Andy's winter driving tips will help get you and your car safely through the coming months
Formula One fan and keen kayaker Andy Smith, from Hampshire, was AA Patrol of the Year in 2012.
Andy’s career at the AA began at the age of 17, when he started work in the post room at the AA headquarters in Basingstoke. A long-held ambition to become a patrol prompted him to teach himself vehicle mechanics – reading textbooks from cover to cover – and in 1994 he began life on the road as a patrol.
Since then he has never looked back, and has undertaken additional responsibilities including volunteering his time to help maintain and display a 1979 Ford Escort patrol van – part of the AA's 40-strong heritage vehicle fleet.
Andy's winter driving tips will help get you and your car safely through the coming months.
Tyres need plenty of tread to clear water, and snow. The legal limit is 1.6mm, but at this time of year it is better to change tyres when the tread reaches a depth of 3mm. Consider fitting Winter tyres.
Modern batteries provide more power, but take a long time to recharge fully. A regular long run with the minimum of electrical accessories switched on, is needed. If that's not possible, invest in an 'intelligent' battery charger. These are lightweight, easy to use and switch off when the battery is fully charged, so there is no danger of overcharging – an intelligent charger is a great way of keeping the battery topped-up if you have to leave the car unused for several weeks too.
Antifreeze at the correct concentration is vital all year round as it prevents both freezing and corrosion. In most modern cars it should be renewed every five years, but in some cars the Antifreeze recommended change point is two years. Check your handbook for correct type and change intervals.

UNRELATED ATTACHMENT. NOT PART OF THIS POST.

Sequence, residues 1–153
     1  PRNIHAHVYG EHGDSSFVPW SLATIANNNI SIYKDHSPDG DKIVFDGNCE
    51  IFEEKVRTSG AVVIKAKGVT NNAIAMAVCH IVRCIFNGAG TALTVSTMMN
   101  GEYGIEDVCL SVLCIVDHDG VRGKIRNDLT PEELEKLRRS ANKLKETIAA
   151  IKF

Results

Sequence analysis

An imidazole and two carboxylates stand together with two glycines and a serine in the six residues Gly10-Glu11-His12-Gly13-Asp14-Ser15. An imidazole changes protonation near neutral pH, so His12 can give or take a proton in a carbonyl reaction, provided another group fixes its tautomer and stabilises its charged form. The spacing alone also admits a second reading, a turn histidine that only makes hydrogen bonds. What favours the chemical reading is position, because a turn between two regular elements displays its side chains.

Depress the clutch when starting a cold engine as this disconnects the engine from the gearbox so there is less drag and eases the load on the starter motor.
Keep the washer bottle full of screen wash of the correct concentration so it doesn't freeze in the washers. In extremely cold conditions, you can use screenwash concentrate without adding any water. This helps to avoid the fluid freezing in the washer nozzles and on the windscreen – particularly dangerous when you're driving. Don't use washing up liquid as it produces too much foam, or engine antifreeze which can damage the paintwork.
Wash the car frequently, when there is no risk of frost and treat any stone chips as bare metal will quickly rust. Spray a water dispersant into the door locks to reduce the risk of them freezing. Lubricate the bonnet lock so it doesn't corrode, and apply a thin layer of petroleum jelly to the rubber seals of the doors so they don't freeze up while closed.
Make sure all wheel trims are fitted properly to protect the wheel nuts from corrosion which will make wheel removal more difficult.
Keep plenty of fuel in the tank – at least half full – as you never know when you will be stuck in traffic or have to make a detour to reach your destination.
If the inside of the glass keeps misting up, use the air conditioning on a warm setting to dry out the car . Make sure you don't leave damp coats and wellingtons in the car.
We see many AA members who view their car as their coat and therefore, don't think to carry enough outer clothing. Take a warm coat, gloves and hat in case the weather or the car catches you out. If you do get stuck, you'll be very pleased you packed high energy foods such as chocolate, crisps, nuts, cereal bars, water and a hot drink too.
If you are travelling with children make sure you have food, games and spare nappies, for babies.
Always carry a fully-charged mobile, a pair of wellingtons and take some old bits of carpet and a shovel to clear snow, in case you get stuck.
On colder days be particularly careful on tree-lined roads – the trees prevent the sun's warmth from reaching the road, which may still be icy when all around has thawed.
In fog, I usually drive with the window down and the radio off – often you can hear problems like cars ahead going over bumps at low speed before you see them.
On snow and ice just do everything very slowly because it can go wrong very quickly.
Safe and happy motoring!
(7 December 2012)